The applicator of this invention incorporates features desirable in a multidose applicator, namely, orientation elements that force the user to load the applicator properly and which advise the user when reloading is required. Indeed, the structure of the applicator prevents its use after all the pellets have been discharged from the encasement. Features most desirable to the supplier of the medicament pellets are present. The multidose encasement of this invention may be filled somewhat more readily than single dose cartridges and can be packaged into a most compact form for shipment.
The pellet implant encasement employed in the applicator of this invention is the same encasement described in parent application, Ser. No. 511,251. The encasement resembles a cartridge belt in appearance. A multiplicity, e.g., 20, of equally spaced apart chambers, are connected in a flexible web. Each chamber is sized to contain therein a dosage unit of medicament, suitably eight pellets. The encasement fits into the applicator of this invention and an animal handler can implant animals in succession, e.g., 20 animals, one after another, from each encasement. Just as the implant encasement is the same as described in parent application, Ser. No. 511,251, so, too, is the storage means for the encasement. It is believed to be a substantial advantage that a major component can be manufactured for use in either the pistol-type implant applicator of this invention or the syringe type implant applicator of parent application, Ser. No. 511,251.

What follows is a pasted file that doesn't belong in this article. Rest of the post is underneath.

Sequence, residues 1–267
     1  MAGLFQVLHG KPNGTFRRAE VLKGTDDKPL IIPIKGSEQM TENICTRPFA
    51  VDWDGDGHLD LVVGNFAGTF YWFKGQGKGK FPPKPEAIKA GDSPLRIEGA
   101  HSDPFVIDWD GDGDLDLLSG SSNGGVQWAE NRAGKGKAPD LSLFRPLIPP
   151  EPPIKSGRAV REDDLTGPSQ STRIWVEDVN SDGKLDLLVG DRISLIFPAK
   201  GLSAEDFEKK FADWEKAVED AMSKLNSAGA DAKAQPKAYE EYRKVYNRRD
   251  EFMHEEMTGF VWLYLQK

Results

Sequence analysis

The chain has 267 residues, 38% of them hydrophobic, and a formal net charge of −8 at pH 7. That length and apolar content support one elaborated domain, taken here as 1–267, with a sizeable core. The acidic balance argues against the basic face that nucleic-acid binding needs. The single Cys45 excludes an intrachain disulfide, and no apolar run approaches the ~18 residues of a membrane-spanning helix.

The implant applicator of this invention looks like a pistol constructed with a large hub at the forward end of the pistol barrel. The medicament encasement is loaded inside of the hub; the hub serving as a storage means for the multi-dose medicament encasement. Ahead of the hub is the hollow needle; the plunger is, of course, to the rear of the hub inside the pistol barrel. Forward movement of the plunger expels the implant pellet(s) from one chamber of the encasement into and through the needle at the front end of the applicator. The plunger may be pressed forward as the needle is being withdrawn from an animal into which the needle had previously been inserted, thereby expelling the pellet(s) into the needle track. Later, when the plunger has been retracted fully, the operator of the implanter shifts the encasement the distance between chambers so that a next adjacent chamber in the encasement comes into registry with needle and plunger for expulsion of medicament pellets therefrom by the plunger.